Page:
Corsair HS80 RGB Wireless full review
The Corsair HS80 RGB Wireless is the latest premium gaming headset from the gaming peripheral powerhouse, offering a premium gaming headset experience with a high – but not extortionate – price tag.
Sporting features like Dolby Atmos, Hi-Res audio playback and cross-platform compatibility, the HS80 RGB Wireless is certainly a tempting headset – although it’s not perfect for everyone, as you’re about to find out.
Design and features
Let’s start with the basics; the HS80 RGB Wireless is made from a combination of machined aluminium and matte-finish plastic that looks good while allowing for a lightweight build, weighing in at just 367g – fairly lightweight compared to the likes of the 400g Sennheiser GSP 670, and that translates to a more comfortable gaming session overall.
It’s not the only key factor when it comes to comfort though; headbands and earcups also have to do their part, and when it comes to the former, the HS80 relies on its floating headband design. Though it’s something seen on other gaming headsets for some time, it’s a first for Corsair, with the aim of making the headset rest on an elasticated fabric strip and not the hard main headband to alleviate pressure build-up on the top of the head.
The issue is, even with adjustable Velcro straps to tweak the tension, it’s not quite enough to stop my head from making contact with the headband. That doesn’t sound like much of an issue, but with Corsair assuming little-to-no contact would be made, the bottom of the headband is devoid of cushioning.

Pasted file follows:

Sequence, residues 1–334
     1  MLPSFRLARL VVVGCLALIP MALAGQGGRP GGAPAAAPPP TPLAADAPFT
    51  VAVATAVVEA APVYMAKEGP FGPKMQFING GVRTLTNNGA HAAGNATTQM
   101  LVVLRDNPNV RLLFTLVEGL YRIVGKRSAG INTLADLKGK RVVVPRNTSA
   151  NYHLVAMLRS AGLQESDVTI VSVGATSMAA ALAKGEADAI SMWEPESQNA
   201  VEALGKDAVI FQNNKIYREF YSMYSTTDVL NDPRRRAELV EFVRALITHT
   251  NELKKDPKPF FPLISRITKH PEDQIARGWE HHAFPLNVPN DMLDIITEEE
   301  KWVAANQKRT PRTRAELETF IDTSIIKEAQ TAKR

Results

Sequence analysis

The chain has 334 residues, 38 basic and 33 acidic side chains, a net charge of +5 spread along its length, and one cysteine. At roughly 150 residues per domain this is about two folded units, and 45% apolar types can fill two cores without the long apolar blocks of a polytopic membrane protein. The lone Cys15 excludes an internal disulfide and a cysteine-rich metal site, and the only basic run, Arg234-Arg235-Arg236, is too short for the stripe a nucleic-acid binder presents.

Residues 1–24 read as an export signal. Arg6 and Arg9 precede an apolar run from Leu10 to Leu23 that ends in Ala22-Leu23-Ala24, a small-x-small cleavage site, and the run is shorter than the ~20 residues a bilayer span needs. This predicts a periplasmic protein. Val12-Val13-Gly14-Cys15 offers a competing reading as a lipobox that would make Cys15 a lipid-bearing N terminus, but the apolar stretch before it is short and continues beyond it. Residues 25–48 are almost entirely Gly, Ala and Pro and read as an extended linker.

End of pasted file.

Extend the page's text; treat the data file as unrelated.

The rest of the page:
That means there’s still a build-up of tension on the top of the head over time, but it’s worth pointing out that you may have a totally different experience to me – I have been told I have a larger-than-average head in the past (I know, right?) after all.
The good news is that the earcups sport thick, ultra-soft memory foam cushioning, and there’s a decent rotation on each cup via pivot points to help them fit a range of head shapes too. The cushioning is just about the right size to snuggly fit around your ears without directly sitting on them, and the material is breathable too.
The cans are also where you’ll find RGB lighting, though don’t expect something akin to the Logitech G935 with its bright RGB strips. Instead, Corsair has taken a more subtle approach, choosing only to add lighting effects to the Corsair logo.
The colours and effects of the RGB panels can be personalised via the iCue software for PC, but with a relatively low impact on the overall look, it’s not something I imagine people will be scrambling to do.